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Chad Lewis Shares the Life Lessons He Learned Playing Youth Football

Welcome to Why We Play, a series of discussions with current players and NFL Legends about their youth football experience and why they play the game.

Chad Lewis credits youth football for helping him become a professional football player — and a better man.

"The whole 'all for one, one for all' mentality — that’s football, and that starts in youth football," Lewis said. "If the running back is going to score a touchdown, there has to be good blocking. If we’re going to stop the other team, it's got to be form tackling.

"That concept of working together as a team is where it all starts. To start all of that at a young age is so highly beneficial.’’

Lewis grew up in Orem, Utah, a city less than a hour south of Salt Lake City. He started by playing flag football, then progressed to tackle football while in junior high school. He credits his coaches for challenging him and helping mold him from a young age.

"A good coach, at that age, hopefully cares more about you than he does wins and losses," Lewis said. "I was fortunate. I had coaches who were amazing. They cared about me and my development, and so they challenged me. Like running wind sprints. If I was home, I wouldn’t have been running. Those challenges helped me progress as a man."

Lewis said that the best coaches from his childhood were able to mold kids with different backgrounds, athletic abilities, and personalities into a cohesive team.

"If you’re the coolest kid in the school, and a star player, how do you treat the linemen who are bigger, slower and maybe very conscious of what they look like? If you’re the superstar and you treat those guys as a bully, who’s going to keep you in check?" Lewis said. "Hopefully, the youth football coach is the one who says we don’t treat people like that. And learning those lessons, working together as a team — that's youth football.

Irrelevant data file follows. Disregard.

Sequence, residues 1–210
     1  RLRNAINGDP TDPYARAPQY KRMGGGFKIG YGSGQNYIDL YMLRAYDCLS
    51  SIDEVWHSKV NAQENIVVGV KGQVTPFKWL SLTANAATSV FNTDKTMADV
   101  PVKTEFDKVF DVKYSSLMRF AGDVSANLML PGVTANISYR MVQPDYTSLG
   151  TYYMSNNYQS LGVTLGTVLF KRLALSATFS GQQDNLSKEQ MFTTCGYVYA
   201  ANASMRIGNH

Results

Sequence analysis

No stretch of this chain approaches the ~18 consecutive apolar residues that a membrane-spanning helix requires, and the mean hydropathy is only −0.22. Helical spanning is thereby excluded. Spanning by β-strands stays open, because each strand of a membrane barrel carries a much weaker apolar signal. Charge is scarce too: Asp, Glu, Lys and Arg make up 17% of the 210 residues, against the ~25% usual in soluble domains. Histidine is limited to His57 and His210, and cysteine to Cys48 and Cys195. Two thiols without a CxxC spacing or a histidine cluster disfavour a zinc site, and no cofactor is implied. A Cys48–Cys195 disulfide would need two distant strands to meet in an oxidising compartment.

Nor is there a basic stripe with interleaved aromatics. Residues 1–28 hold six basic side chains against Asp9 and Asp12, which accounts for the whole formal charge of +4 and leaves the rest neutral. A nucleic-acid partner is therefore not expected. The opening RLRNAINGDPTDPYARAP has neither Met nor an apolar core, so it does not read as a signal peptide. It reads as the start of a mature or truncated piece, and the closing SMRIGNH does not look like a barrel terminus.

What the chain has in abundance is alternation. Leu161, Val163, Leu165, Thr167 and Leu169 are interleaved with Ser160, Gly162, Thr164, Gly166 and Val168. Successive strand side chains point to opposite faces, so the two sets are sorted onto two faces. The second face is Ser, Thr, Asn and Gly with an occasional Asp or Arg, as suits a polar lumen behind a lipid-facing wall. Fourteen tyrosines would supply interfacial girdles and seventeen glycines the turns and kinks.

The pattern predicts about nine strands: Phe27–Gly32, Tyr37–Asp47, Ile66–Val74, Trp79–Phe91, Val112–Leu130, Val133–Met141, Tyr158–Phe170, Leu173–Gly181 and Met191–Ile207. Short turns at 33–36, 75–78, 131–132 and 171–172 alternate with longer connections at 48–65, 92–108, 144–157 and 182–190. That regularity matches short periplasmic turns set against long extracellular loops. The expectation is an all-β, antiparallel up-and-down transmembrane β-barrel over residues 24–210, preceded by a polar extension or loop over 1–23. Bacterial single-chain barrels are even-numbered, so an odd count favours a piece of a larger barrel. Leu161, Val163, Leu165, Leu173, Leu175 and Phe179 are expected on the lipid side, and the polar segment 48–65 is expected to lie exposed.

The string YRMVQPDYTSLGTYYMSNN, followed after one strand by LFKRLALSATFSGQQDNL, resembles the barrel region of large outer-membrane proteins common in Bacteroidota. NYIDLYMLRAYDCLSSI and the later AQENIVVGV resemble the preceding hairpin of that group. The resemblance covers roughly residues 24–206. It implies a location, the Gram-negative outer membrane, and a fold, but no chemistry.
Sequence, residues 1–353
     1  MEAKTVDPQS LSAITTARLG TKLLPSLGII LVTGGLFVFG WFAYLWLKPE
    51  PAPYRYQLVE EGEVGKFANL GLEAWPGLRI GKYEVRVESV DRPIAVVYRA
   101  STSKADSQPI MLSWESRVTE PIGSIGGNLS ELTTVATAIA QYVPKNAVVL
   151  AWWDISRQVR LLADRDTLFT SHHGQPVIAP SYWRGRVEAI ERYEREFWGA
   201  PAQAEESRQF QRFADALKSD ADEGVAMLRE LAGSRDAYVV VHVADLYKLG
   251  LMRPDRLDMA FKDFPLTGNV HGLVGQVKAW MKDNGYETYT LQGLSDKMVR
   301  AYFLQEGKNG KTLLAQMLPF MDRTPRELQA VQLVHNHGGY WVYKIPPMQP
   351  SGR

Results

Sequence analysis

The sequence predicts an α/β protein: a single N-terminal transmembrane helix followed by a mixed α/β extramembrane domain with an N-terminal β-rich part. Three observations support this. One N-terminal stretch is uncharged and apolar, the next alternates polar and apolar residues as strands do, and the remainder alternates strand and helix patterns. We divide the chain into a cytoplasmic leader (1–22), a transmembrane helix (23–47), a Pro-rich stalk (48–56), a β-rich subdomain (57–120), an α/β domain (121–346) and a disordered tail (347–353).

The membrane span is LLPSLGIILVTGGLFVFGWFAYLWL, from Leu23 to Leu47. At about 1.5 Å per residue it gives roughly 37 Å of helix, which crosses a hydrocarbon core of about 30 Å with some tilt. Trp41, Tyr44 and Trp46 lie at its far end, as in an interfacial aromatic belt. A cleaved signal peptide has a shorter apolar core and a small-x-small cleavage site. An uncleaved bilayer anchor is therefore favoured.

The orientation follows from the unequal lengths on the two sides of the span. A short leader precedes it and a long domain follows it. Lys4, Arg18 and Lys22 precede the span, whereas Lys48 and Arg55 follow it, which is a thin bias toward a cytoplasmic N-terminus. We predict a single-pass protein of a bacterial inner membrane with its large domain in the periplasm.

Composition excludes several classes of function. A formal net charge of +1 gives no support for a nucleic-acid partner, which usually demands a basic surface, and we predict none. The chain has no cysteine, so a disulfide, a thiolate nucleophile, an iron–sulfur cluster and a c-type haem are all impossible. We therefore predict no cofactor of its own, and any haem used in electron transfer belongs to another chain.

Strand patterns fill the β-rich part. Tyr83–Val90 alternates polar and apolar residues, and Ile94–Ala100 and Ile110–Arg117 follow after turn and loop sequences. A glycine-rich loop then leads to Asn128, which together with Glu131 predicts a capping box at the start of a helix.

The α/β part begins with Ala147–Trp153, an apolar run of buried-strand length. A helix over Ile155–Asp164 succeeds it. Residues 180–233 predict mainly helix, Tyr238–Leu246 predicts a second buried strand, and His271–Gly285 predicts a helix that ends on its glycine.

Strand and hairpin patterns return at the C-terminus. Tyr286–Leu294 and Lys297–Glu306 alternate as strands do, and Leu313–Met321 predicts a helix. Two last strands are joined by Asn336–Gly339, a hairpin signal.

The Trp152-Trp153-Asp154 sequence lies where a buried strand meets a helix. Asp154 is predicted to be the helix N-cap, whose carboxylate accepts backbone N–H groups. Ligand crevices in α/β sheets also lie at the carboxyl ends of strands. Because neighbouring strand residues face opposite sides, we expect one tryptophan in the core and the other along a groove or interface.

Lewis took what he learned from his youth coaches to Orem High School, then to Brigham Young University where he was a walk-on who emerged as an All-WAC contributor at tight end. In 1997, he was signed as an undrafted free agent by the Philadelphia Eagles and turned in a nine-year NFL career.

In 116 career games, Lewis racked up 229 total receptions, 2,361 receiving yards, and 23 touchdowns. He was a Pro Bowler in 2000, 2001, and 2002, and helped the Eagles to a Super Bowl appearance by scoring two TDs in the 2004 NFC Championship Game.

Lewis has traveled to TaiwanSingapore and Thailand on behalf of the NFL to promote the league overseas. And he's also worked with the next generation close to home, spending time talking to youth football teams in and around Philadelphia and in his native Utah.

"I can’t tell you how many times I went and spoke at youth practices and games when I played," he said. "The only time I said no was if I wasn’t going to be in town that day. I’ll do whatever I can to help out a youth football team.

"My main message is to be cool with your parents. Who’s making your dinner, who’s driving you to practice, who’s cleaning your clothes? I start with that. Then I get into how you have to work as hard as you can and work as a team, because football is the ultimate team game."

Photo: AP/Kirby Lee


  • NFL Players and Legends
  • Youth Football